No, my goals are not killing me, but the lack of them is. Well maybe not killing me, but what I really appreciated about your article is how you transformed my difficulties into something that I can read and understand.  Simply, Dreams will never be realized until goals are achieved, but goals will never be achieved unless they are;

    S – specific 

    M – measurable 

    A – attainable 

    R – relevant 

    T – timely

    Thank you for that anagram…

    I am thinking that writing down your dreams is OK but if you are writing down your goals, it will be useless unless you are writing them on a calendar or day planner.  Perhaps my perspective of goals is skewed and what I  should be concentrating on is procedures and timetables, developing a daily routine. 

    This sounds very much to me like I am saying that I need to maybe not discard the outcome based goals, but embrace the procedural goals.  

    Any article that makes me think, Good Blog…

    • Heidi says:

      Glad you enjoyed the blog Rod and that it’s got you thinking about how to structure your goals. It certainly got me thinking when I came across Matt Brown’s story. Mental health seems to be suffering in our current fast paced, go get em society – sometimes it’s good to sit back and assess how we are coping.

      Many of us are high achievers who strive towards lofty goals and there’s nothing wrong with that but I think we need to give ourselves process goals so we can reward ourselves and not beat ourselves up for falling a little short sometimes.

      I love day planners. I just use a good old A4 diary and write my to do lists in there. Sometimes I allocate actual times for task if I know when I’ll be free otherwise it’s just sometime that day. I have actually started getting up at 4am each week day to get a little more done each day. You might be interested in checking out my How to Beat The Zombies blog for more info.

       

  • Stefan says:

    Thanks for this interesting read. I’m sitting in the same boat, having goals and having to live with failure.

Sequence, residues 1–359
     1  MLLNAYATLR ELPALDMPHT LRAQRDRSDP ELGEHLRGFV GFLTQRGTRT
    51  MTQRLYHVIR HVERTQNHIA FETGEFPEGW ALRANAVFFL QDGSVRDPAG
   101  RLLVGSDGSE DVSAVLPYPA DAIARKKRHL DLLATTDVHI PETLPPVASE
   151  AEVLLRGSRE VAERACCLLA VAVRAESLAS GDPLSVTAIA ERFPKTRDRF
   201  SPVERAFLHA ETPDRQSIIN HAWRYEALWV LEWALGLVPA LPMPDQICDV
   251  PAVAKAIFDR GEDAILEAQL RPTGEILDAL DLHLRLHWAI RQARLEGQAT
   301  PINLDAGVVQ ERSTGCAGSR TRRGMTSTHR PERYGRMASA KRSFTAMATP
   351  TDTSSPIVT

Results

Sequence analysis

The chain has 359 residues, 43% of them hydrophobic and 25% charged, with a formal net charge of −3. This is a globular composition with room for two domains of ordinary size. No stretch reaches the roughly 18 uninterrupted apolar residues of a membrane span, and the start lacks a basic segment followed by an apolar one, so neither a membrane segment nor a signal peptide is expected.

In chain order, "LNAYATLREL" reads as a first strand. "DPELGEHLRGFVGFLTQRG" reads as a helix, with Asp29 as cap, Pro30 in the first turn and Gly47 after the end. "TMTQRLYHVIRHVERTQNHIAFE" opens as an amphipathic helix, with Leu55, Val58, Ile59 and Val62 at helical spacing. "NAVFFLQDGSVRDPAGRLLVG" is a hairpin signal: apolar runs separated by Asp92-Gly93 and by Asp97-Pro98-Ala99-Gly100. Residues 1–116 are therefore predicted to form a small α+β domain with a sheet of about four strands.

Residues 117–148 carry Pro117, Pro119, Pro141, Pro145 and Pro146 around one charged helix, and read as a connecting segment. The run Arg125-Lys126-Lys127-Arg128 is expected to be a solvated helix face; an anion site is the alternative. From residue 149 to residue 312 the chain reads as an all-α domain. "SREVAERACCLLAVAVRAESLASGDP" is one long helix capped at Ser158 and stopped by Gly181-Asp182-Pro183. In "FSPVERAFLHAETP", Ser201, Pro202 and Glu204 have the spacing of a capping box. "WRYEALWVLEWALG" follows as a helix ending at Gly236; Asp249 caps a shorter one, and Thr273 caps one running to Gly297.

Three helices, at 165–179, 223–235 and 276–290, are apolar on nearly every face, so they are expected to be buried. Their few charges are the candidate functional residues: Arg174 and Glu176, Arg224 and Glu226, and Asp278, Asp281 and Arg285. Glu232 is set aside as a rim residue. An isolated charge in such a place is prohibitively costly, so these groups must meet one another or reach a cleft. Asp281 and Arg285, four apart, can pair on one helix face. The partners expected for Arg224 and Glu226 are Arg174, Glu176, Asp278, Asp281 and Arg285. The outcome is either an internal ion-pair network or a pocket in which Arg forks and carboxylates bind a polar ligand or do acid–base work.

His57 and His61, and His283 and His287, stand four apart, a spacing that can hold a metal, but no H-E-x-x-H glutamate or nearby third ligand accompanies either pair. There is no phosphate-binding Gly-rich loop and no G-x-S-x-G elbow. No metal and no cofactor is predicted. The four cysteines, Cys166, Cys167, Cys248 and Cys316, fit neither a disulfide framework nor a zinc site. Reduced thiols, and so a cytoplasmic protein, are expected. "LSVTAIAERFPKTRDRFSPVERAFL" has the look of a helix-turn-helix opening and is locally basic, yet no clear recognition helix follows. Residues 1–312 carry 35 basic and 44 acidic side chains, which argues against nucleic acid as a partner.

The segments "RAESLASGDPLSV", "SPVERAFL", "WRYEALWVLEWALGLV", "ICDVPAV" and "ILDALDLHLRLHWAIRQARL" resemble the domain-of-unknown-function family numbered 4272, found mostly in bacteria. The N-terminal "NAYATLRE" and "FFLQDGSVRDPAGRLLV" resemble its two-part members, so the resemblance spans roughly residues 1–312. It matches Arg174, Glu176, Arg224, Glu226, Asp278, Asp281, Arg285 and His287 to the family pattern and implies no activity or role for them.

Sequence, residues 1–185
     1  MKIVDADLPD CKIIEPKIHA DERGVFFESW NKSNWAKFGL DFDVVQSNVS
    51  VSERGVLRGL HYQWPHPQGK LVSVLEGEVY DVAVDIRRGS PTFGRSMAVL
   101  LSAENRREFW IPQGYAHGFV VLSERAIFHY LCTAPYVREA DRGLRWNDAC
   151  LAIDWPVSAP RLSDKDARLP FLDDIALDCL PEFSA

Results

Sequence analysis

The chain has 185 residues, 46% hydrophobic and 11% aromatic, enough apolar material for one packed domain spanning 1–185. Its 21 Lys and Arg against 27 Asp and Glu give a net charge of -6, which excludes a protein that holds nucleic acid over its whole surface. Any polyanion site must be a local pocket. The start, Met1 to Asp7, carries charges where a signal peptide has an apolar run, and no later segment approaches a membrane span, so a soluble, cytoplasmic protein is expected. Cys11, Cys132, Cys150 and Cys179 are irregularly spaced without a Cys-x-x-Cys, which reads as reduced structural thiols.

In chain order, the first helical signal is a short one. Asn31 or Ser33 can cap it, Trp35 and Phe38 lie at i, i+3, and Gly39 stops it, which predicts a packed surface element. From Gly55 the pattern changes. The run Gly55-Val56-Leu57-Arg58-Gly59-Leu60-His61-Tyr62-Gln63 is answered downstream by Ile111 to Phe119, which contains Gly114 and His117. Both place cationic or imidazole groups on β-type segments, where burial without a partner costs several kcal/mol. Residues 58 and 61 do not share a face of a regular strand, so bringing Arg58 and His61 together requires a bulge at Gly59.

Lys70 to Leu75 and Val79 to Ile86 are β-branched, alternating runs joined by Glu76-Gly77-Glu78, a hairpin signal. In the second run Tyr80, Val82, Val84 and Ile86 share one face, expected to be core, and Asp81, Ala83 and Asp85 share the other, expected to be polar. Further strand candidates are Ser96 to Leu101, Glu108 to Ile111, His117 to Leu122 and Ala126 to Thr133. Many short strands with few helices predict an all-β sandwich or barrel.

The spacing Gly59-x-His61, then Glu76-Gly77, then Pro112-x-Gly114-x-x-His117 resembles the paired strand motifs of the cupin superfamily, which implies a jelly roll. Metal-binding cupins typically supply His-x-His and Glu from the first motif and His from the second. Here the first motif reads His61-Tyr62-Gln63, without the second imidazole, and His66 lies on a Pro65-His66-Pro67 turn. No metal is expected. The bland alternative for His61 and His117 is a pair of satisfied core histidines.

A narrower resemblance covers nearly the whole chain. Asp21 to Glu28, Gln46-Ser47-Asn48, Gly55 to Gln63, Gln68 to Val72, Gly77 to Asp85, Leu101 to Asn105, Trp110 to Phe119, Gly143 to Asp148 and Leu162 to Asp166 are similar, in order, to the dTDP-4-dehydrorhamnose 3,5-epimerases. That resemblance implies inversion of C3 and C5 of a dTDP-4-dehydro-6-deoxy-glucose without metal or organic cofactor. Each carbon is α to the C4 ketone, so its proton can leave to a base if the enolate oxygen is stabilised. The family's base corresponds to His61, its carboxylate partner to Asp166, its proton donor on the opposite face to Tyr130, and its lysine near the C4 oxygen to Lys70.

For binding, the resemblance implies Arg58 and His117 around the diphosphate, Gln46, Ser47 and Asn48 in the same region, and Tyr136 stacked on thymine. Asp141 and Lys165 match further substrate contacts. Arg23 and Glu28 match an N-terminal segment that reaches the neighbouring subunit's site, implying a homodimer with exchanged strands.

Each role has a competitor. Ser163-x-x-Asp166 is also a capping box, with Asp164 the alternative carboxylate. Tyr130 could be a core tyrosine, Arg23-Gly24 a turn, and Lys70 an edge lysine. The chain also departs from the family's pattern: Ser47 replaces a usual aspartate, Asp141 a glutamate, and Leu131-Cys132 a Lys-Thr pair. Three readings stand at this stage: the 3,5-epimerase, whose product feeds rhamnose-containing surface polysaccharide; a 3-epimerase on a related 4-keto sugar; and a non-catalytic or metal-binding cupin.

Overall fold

One thing that came to my mind quite quickly was, that an important factor of weather I suffer from failure or not is the way I want to achieve my goals.

    If I love what I do and it’s a passion, failure hurts much less than if I chose a method that doesn’t come from my heart. Of course, failure hurts every time but if it turns out constructive and can help me try even harder is depending on how much I like what I do.

    To set goals not affected by other peoples reactions is a very good advice 🙂

    • Heidi says:

      I agree so much with your comment Stephan. I have horses and some pretty lofty goals with one of them, sometimes we fall short but because I love the journey as much as the goals it doesn’t feel like we failed. We simply need to do more work which we enjoy. 

      I think this applies to our online businesses also. We need to love our niche and be passionate about helping people that way every single person we help is a win even if we don’t reach the sales targets we set for ourselves.

      Thanks for stopping by for a read and taking the time to comment. Most appreciated..

  • Liliana Duarte says:

    Love this blog! I have a girlfriend who has anxiety but i didn’t understand her most of the time, this gave me kind of an insight. Loved the deep question as im a very unstressed person and i think i may be a growth mindset but sometimes is good to question yourself and think about your goals!

    • Heidi says:

      Hi Liliana (what a lovely name by the way) I’m like you and not a stressy person. I hear so many people talking about their anxiety and I do find it difficult to understand and be empathetic because I just don’t feel it myself. 

      I hope those people may find my blog and it could help them to reframe their goals and outlooks so they can reduce the stress and love living. 

      Thanks for your comment and I’m so glad you enjoyed the blog.